Snorkelers need not swim far to discover one of Wakatobi’s premier snorkeling sites, the House Reef, which has been called the best shore dive in the world. Photo by Didi Lotze

Snorkelers need not swim far to discover one of Wakatobi’s premier snorkeling sites, the House Reef, which has been called the best shore dive in the world. Photo by Didi Lotze

“Within minutes of entering the water on the House Reef I knew I had to come back,” says guest Stephen Hodgin. “Normally, we never do repeat trips to a destination, as there is so much to see in this world. But Wakatobi is different, and many of the other guests we spoke with were repeat customers.”

Close to home

Snorkelers need not swim far to discover one of Wakatobi’s premier snorkeling sites. The resort’s House Reef has been called the best shore dive in the world. Just yards from the beach, a seagrass bed sits inside a fringing reef that extends for three miles to either side of the resort. This ecosystem is home to thousands of species of fish, coral and other marine life.

Snorkelers have a good chance of seeing Broadclub cuttlefish prowling around the resort’s jetty, their bodies lit in pulsing displays of color.

Snorkelers have a good chance of seeing Broadclub cuttlefish prowling around the resort’s jetty, their bodies lit in pulsing displays of color. Photo by Mark Snyder

Accessing the House Reef is as easy as wading out from shore, or descending a ladder from the resort’s jetty. There is a wealth of subjects to be discovered within a few fin kicks of the jetty. There are numerous species of anemonefish at the top of the reef, and snorkelers have a good chance of seeing Broadclub cuttlefish on the prowl, their bodies lit in pulsing displays of color. In addition to the many reef dwellers that lurk among the crevices of the reef top, all manner of fish pass by in the deep water that begins just beyond the edge of the reef.

The seagrass meadows between Wakatobi's beach and house reef are home to many interesting creatures, such as frogfish, eels, pipefish and octopus (seen here). Photo by Walt Stearns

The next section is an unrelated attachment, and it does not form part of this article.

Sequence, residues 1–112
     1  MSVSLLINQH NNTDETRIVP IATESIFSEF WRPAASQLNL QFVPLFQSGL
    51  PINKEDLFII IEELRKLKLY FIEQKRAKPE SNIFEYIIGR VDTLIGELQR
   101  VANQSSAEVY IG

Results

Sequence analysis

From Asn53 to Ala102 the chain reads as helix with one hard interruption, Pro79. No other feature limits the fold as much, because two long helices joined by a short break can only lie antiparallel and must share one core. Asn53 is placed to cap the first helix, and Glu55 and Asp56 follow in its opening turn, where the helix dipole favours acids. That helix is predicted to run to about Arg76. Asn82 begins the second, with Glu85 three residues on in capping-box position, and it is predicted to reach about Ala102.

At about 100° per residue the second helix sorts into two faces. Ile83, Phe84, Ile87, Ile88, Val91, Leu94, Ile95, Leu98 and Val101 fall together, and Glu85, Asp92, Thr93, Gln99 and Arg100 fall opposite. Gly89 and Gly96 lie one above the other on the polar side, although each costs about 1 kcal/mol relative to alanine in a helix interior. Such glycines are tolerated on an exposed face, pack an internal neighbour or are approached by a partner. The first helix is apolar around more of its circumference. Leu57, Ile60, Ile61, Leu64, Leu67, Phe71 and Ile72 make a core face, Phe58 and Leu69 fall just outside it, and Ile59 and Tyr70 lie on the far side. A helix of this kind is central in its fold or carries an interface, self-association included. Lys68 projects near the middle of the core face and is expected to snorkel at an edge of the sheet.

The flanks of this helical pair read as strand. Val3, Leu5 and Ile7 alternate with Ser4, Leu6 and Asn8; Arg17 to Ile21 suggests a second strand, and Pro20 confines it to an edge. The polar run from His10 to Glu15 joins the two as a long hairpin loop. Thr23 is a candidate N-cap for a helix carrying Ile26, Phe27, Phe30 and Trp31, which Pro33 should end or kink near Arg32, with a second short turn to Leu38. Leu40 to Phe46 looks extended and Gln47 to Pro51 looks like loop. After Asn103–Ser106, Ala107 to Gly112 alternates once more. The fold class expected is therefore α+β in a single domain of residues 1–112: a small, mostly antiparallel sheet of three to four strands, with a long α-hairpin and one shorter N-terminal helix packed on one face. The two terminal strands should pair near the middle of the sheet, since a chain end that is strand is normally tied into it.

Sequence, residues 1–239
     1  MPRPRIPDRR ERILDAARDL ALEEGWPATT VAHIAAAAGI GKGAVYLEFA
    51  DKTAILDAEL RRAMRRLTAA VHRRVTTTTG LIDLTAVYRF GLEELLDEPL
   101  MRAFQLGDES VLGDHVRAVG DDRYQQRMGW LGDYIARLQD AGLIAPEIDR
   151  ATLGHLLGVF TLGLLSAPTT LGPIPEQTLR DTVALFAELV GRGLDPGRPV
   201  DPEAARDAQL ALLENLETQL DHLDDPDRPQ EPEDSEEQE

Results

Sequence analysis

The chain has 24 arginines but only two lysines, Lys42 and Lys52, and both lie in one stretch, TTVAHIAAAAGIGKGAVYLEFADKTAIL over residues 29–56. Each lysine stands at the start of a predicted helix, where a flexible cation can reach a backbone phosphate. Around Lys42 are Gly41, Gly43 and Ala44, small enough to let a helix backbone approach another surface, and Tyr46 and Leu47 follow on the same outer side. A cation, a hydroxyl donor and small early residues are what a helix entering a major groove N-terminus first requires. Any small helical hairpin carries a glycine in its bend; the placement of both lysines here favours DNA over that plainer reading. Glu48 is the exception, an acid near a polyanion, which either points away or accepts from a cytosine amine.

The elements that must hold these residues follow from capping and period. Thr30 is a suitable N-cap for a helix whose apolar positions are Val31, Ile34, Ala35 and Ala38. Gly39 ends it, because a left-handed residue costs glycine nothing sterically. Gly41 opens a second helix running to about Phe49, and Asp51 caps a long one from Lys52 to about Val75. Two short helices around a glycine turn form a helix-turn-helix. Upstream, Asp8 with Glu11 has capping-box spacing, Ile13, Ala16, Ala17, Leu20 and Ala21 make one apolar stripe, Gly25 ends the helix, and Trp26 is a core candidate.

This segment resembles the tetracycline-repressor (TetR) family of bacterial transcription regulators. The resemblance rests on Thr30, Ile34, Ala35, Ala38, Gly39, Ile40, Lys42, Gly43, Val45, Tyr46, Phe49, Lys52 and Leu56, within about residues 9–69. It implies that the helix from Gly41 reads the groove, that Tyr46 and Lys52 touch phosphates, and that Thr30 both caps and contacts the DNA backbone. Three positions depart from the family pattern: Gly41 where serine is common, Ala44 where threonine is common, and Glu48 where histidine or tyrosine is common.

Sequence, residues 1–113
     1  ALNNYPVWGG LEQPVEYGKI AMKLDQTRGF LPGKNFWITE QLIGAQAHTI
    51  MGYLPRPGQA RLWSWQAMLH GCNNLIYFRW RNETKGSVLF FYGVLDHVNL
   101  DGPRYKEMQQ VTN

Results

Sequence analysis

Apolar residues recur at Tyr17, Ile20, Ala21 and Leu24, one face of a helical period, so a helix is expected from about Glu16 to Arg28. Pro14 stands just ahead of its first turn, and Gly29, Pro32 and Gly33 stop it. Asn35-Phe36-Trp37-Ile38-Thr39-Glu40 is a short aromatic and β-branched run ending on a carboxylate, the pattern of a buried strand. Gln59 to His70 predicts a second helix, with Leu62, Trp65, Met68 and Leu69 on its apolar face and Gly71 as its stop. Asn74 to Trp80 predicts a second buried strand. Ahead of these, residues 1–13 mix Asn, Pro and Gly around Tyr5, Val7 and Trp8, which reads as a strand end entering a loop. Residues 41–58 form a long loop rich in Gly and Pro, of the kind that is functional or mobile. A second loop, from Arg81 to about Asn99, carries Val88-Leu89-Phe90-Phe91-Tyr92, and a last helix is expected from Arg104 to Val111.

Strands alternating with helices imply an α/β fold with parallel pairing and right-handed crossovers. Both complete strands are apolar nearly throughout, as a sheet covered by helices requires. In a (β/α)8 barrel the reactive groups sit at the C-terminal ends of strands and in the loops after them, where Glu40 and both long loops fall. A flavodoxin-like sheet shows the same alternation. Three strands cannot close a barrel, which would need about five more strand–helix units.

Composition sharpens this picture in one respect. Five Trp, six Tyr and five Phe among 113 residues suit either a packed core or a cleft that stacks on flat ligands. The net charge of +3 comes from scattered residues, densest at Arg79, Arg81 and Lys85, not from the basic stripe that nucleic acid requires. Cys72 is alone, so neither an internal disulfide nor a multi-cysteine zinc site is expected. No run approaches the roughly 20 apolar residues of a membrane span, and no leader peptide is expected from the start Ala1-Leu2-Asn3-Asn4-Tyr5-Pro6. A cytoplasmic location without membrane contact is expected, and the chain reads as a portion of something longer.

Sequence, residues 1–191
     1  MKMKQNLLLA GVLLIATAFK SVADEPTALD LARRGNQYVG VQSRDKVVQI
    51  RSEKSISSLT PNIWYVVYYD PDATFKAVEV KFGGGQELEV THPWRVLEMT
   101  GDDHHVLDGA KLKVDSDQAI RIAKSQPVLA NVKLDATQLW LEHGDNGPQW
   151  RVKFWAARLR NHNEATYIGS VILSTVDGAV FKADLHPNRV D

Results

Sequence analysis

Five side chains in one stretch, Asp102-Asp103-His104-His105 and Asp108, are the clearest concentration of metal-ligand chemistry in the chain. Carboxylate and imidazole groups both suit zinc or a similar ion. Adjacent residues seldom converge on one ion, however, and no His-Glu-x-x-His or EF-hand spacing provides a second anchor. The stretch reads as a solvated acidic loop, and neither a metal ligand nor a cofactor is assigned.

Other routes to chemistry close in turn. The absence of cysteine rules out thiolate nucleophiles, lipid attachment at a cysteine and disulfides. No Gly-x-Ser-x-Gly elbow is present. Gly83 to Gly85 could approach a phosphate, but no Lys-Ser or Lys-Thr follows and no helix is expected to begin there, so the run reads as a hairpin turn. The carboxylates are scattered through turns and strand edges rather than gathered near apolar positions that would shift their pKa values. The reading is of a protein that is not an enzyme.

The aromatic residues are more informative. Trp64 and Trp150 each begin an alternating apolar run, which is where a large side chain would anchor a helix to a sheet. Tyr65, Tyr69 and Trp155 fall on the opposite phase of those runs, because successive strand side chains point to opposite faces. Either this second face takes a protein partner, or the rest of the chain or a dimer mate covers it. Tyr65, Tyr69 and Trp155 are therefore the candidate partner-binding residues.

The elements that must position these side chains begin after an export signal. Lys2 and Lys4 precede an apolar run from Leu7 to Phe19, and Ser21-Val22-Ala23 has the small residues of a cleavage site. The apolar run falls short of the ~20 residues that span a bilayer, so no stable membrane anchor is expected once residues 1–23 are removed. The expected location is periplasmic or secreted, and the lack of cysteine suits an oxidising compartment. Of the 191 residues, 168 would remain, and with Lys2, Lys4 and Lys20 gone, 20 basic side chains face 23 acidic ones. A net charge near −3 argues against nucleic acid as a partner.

The seagrass meadows between Wakatobi’s beach and house reef are home to many interesting creatures, such as frogfish, eels, pipefish, and octopus (seen here). Photo by Walt Stearns

For even more diversity of marine life, snorkelers can venture inshore to the grass beds that lie between reef and beach. Here, octopus, pipefish, crabs, and eels slither and scuttle about, while juvenile fish find shelter and sustenance among the undulating grasses of this undersea meadow.

It's easy to negotiate the grass beds at mid to high tide, when water depths are greater than two feet.

It’s easy to negotiate the grass beds at mid to high tide when water depths are greater than two feet. Photo by Walt Stearns

While the reef tops are often best viewed at low tide, when corals are closest to the surface, it’s easiest to negotiate the grass beds at mid to high tide, when water depths are greater than two feet. “This last trip I snorkeled quite a bit on the outer edge of the House Reef and around the pier in the sand,” says guest Paul Moliken. “Next trip, I will make sure to see all there is in the seagrass beds.”

Snorkelers can begin their explorations of the House Reef at any time from dawn to after dark. To reach more distant parts of this expansive reef system, they can be dropped off by taxi boat for a leisurely snorkel excursion along reef back to the resort.